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Although Apple is reportedly working hard to finalize the iOS 7 for release towards the end of this year (possibly when they are releasing the next iPhone), the company is also focusing on identifying features that can be included in the next iPhone model and iOS operating system. Today, predicting the next moves of Apple is a bit difficult, particularly when Tim Cook suddenly ousted Scott Forstall and then introduced a Jony Ive-inspired coat across the iOS operating system.
However, it’s important to review the current status of the iOS, competition in the current tablet market and what iOS should do to remain relevant in the market. Here are some of the things that people want to see in the iOS 8.
Microsoft already offers the option of multiple profiles on the Windows platform. Moreover, most parents would opt for gadgets with child-safe settings. Therefore, it would be logical for Apple to come up with features that can allow change of settings depending on the user who is accessing a given iOS device. For example, if a sports enthusiast picks the family’s iPad, he should be able to access ESPN directly. But if a 2nd grade child picks the iPad, he should have access to only educational content. Although there are a few accessibility settings in the iOS now, they are not up to the required standards.
Most smartphone platforms already support live widgets such as Microsoft which has made live widgets the foundation of Windows Phone. However, when it comes to iOS, they are strangely missing. Instead, users are offered a weather icon which shows inaccurate weather. On iOS 6, there is a clock icon which reads 10:15 24/7. I don’t understand why the company has not made any effort towards this. Because if the iOS icon of New York Times can show an image of every day’s front page, then Apple can certainly figure out how to add real information on the home screen.
After being blacklisted by Google, Apple has been a bit slow in integrating the technology of other companies into iOS. But it has made a considerable progress in this part by integrating Twitter and Facebook. The iOS 7 will include Microsoft’s Bing and Wikipedia. However, this trend should continue with other companies such as Yahoo, LinkedIn and so on. Apple has always shown interest in being a major player in the social networking field and LinkedIn is one of the best partners that can help it to achieve this goal. When it comes to Yahoo, it is already supplying weather and other related information to iOS and Apple should take advantage of this opportunity to make the ties between them and Yahoo stronger.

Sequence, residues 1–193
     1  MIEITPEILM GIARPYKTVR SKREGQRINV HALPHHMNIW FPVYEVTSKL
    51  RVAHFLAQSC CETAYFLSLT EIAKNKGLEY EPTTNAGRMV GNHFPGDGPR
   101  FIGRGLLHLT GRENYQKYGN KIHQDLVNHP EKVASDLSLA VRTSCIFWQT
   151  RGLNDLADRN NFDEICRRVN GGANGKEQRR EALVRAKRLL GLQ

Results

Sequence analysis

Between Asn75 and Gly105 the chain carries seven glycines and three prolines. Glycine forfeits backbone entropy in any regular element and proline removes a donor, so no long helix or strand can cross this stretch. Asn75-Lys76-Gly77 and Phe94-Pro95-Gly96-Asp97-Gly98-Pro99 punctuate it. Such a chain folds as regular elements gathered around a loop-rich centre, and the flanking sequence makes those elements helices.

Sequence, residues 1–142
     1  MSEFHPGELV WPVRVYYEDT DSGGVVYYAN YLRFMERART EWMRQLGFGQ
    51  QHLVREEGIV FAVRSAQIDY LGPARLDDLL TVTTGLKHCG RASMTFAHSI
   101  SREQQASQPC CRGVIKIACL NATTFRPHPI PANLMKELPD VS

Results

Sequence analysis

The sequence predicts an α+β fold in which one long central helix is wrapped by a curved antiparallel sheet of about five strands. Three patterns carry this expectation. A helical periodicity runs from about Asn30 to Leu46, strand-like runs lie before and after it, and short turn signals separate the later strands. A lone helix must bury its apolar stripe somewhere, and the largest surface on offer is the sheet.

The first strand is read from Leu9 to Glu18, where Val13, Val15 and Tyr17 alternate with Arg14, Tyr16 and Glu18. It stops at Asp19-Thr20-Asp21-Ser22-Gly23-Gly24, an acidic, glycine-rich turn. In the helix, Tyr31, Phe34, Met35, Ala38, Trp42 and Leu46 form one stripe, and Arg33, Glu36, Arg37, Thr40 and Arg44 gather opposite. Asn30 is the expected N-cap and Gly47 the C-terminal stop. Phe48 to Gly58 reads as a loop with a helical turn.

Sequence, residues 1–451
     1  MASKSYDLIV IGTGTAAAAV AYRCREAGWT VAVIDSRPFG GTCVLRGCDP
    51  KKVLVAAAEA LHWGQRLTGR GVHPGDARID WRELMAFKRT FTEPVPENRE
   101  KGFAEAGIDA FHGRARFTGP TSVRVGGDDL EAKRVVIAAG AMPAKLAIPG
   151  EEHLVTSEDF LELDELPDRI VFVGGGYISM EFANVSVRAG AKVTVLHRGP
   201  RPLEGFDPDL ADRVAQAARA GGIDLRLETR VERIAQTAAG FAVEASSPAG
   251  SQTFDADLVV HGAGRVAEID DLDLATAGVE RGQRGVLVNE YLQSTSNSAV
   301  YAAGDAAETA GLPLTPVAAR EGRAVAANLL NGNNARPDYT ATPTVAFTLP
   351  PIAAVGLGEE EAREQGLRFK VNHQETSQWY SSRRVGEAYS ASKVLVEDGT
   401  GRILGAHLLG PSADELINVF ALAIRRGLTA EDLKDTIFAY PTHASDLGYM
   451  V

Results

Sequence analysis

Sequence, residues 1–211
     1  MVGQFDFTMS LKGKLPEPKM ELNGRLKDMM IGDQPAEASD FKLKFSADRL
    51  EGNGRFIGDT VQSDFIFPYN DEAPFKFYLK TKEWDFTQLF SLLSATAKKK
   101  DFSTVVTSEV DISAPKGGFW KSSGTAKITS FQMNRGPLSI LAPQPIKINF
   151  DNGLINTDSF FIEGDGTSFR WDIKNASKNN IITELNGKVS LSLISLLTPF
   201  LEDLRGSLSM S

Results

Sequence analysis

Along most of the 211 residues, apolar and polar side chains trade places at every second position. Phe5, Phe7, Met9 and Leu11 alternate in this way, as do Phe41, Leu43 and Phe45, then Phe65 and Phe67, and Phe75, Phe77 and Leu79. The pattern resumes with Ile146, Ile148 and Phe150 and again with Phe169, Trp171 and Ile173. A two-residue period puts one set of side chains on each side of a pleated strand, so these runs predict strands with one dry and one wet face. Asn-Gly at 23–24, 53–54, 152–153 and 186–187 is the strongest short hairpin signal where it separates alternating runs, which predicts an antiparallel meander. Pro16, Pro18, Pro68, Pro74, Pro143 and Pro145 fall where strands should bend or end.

Apple executives did not talk about their mapping program while unveiling iOS 7. This is obviously strange, considering the apologies made by Tim Cook in response to numerous complaints over the accuracy of Apple Maps. However, I believe Apple will not give up on mapping since maps form an integral part of the smartphone functions and Apple has the necessary resources to manage this kind of experience. For iOS 8, Apple should add support for offline maps, real-time mapping information and indoor mapping services such as the Google one. Google is known to offer superior real-time mapping information; hence Apple should continue to monitor the mapping innovations of Google in a bid to integrate them in iOS 8.
Most people want to use non-Apple apps when using maps, email or browser, but this cannot happen now since Apple does not offer a way to hide or change irritating default iOS apps, which can be traced back to the first iPhone. On the same note, there is a weak inter-communication between iOS apps. If a given service takes you to another app, you won’t be returned to the initial app after finishing the action. Therefore, this problem should be addressed in the iOS 8. It should also allow you to use two apps at the same time.
The current iOS does not allow you to read a message and set a reminder through voice at the same time. The voice control of the iOS 8 should be intuitive such that it allows you to set an alarm through your voice while you still continue to read or type a message.
Alix Ranson is blogger at Mappsolutely. He likes to blog about mobile technology, reviews and updates in smartphone applications.